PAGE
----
Now that Dr. Payne has clearly established characteristics of generational poverty, the dilemma is how those individuals can make the jump out of poverty into middle class.
"In order to move from poverty to middle class or from middle class to wealth, one must trade off some relationships for achievement at least for a period of time. To do this, one needs emotional resources and stamina."
People draw these emotional resources from role models, and the problem for educators is that most of our impoverished students do not have access to appropriate role models to help them make that jump. A few of the ways we can help students strive for better in life include using "appropriate discipline strategies," and by "establishing long-term relationships." These resonated with me because I have the opportunity for both in my library classroom setting. My own personal beliefs regarding discipline (at school and at home) are that the punishment should fit the crime. Logical consequences teach the child to trust me to be fair with them, which helps lead into building that long-term relationship. I teach at an elementary school, which means I meet those precious darlings when they are 5 and say goodbye to them when they are 10 or 11! (Disregarding transients, of course.) That gives me a good, solid 6 years with these children to impress upon them the inherent belief that they are capable of striving for great things in their life, regardless of what they are told at home! What a challenge before us, when you look at it that way!
This chapter is about defining some of the distinctive characteristics of those in generational poverty. The difference between generational poverty and situational poverty include that those who have been in poverty for 2 generations or more are, obviously, in generational poverty; those who are impoverished due to a tragic or life-altering event (death, divorce, marriage, illness, etc.) are considered in situational poverty.
Some key thoughts mentioned about generational poverty are that these individuals believe that "society owes [them] a living. " They think only on a concrete level when it comes to work; they do not strive for a career, only for a job that will get them by for the moment. They are also more likely to quit if they do not like their teacher/boss/colleague/etc. There is also incredble emphasis on the mother figure in the family. Dr. Payne breaks down the basic structure of relationships between mother and children, and of husband and wife. She explains repeatedly that the mother is the most important person in the family, but that allegiances between parents or extended family members changes often and without warning. This causes confusion in basic elements of the student's life, such as who he or she is going him with, who will sign their permission forms or homework papers, who will send lunch money, etc. This was a great reminder to consider the whole child, and not to judge or become frustrated with them, as these things are inevitable and totally out of their control.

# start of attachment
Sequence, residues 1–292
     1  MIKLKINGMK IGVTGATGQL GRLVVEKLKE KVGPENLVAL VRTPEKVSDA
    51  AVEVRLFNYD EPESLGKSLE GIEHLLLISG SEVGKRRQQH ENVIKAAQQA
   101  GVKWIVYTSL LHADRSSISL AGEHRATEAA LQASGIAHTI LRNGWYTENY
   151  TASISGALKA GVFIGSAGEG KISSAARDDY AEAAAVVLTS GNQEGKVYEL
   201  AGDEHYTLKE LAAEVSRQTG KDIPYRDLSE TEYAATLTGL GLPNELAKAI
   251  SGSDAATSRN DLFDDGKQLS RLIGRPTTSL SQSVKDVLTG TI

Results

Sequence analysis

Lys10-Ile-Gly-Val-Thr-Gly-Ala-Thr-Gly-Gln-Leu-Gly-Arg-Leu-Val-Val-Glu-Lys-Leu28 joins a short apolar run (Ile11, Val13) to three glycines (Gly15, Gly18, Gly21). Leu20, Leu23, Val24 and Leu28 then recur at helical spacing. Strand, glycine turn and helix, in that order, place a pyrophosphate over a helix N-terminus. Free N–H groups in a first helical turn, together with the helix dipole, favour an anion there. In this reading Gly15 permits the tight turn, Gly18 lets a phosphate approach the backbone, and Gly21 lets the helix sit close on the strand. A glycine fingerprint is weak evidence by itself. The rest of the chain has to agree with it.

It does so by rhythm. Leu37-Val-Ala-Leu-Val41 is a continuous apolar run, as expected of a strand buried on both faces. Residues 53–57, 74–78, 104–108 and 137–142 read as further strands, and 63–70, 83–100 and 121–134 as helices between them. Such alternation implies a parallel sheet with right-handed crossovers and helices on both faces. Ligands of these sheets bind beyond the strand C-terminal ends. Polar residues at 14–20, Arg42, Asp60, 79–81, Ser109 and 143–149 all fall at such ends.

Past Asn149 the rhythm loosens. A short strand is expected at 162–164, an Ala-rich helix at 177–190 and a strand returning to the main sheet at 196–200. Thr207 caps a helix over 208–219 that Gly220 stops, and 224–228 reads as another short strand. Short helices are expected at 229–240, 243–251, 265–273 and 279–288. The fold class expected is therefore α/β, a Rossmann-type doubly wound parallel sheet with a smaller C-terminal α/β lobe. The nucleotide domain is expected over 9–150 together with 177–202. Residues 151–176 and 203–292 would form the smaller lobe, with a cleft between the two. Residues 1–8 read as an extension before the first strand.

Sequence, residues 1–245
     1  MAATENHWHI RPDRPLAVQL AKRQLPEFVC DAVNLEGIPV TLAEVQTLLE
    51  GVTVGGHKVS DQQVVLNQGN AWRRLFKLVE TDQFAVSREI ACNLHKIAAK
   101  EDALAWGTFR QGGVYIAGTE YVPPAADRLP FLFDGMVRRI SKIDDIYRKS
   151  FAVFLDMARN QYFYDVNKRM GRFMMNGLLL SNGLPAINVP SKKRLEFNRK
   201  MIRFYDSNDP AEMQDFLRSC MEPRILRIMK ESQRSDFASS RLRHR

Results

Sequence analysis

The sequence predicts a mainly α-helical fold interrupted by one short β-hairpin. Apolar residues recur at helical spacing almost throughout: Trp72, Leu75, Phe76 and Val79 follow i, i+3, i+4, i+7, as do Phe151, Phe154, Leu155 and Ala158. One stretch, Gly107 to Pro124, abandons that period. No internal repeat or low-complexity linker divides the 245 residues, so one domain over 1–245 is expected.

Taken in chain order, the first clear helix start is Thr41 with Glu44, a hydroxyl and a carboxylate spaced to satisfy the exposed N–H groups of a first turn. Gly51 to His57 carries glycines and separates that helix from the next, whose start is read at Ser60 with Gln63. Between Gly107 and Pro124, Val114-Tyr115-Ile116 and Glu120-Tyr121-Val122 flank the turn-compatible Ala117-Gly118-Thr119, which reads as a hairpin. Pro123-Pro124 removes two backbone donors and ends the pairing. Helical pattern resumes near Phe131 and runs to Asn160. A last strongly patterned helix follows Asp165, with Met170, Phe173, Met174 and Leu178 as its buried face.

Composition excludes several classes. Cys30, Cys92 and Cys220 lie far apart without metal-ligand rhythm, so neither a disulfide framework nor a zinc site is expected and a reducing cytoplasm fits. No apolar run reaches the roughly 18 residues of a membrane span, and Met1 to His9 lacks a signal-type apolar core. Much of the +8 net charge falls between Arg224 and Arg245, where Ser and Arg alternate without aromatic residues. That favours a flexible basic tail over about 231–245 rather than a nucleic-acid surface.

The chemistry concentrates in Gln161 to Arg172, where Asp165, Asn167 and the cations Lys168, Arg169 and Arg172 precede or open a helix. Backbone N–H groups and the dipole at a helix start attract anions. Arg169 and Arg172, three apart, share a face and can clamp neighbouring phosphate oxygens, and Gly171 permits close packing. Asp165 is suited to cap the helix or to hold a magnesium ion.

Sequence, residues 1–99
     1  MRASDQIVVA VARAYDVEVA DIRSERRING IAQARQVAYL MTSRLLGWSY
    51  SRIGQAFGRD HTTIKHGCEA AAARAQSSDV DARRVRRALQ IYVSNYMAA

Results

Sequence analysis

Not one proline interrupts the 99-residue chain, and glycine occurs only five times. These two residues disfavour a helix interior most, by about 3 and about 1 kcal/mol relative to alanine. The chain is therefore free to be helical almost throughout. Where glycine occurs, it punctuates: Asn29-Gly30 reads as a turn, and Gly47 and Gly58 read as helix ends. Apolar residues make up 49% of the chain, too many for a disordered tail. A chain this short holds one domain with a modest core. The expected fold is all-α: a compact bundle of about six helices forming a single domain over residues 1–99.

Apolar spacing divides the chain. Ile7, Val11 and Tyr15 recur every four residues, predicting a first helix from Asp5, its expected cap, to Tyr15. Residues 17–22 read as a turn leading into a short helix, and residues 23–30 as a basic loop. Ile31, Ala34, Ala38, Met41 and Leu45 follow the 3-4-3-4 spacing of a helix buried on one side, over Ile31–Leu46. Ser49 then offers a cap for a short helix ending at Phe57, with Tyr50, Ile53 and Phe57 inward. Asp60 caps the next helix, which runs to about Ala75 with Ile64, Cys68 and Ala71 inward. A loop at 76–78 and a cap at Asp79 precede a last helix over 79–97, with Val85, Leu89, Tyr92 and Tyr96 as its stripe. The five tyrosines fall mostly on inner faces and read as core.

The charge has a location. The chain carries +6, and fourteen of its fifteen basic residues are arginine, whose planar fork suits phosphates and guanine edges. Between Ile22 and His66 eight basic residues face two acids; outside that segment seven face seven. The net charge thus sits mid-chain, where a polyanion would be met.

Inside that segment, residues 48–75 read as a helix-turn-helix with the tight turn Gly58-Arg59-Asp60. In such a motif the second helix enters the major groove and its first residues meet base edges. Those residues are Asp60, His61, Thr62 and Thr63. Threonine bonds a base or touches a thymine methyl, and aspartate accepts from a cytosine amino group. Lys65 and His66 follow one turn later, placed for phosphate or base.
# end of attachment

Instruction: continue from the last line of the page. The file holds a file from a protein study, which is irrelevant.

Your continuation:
Poor babies. We will never know what our children face, and I don't think we could handle it if we did!
Elisabeth Elliot knows about suffering. When she was in her twenties, her first husband (Jim Elliot) was killed by Auca indians in Ecuador, where they were serving as missionaries in the 1950's. In the 1970's, her second husband (Addison Leitch) passed away from cancer. She has certainly handled some heavy blows from life.
It is because of her difficulties in life, and her relationship with Christ, that she has an expert's point of view to surviving the most horrific of circumstances. A Path Through Suffering carries a plant/growth theme, and is uniquely designed in that each chapter is preceded by a description of a certain characteristic of a plant or flower (such as the process of blooms bursting forth from thorns, the comparison of a bare tree in winter with a fruitful tree in spring, and the dandelion's death providing life elsewhere). She drew these from Lilias Trotter's Parables of the Cross.
My favorite aspect of this book is that it is mostly meat. Rather than being a fluffy, feel-good, blase book report on the Biblical standard for understanding suffering, Elisabeth Elliot's style is considerably more straight-forward. She provides Scripture, she uses few metaphors, and she provides reminders of the commands of Christ.
A few of my favorite quotations, which provide a nice summary:
- "Each time the mystery of suffering touches us personally and all the cosmic questions rise afresh in our minds we face the choice between faith (which accepts) and belief (which refuses to accept). There is only one faculty of faith, and 'faith is the fulcrum of moral and spiritual balance.'"
- Elisabeth's list for dealing with suffering of any kind: recognize it, accept it, offer it to God as a sacrifice, and offer yourself with it. Another list of dealing with suffering caused by other people: forgiveness (Mark 11:25), trust in God's sovereignty (Genesis 50:20), and having a view to eternity (Colossions 3:1-4).
- "We are seldom shown in advance God's intention in a particular trial, nor the long term effect our obedience may have on others."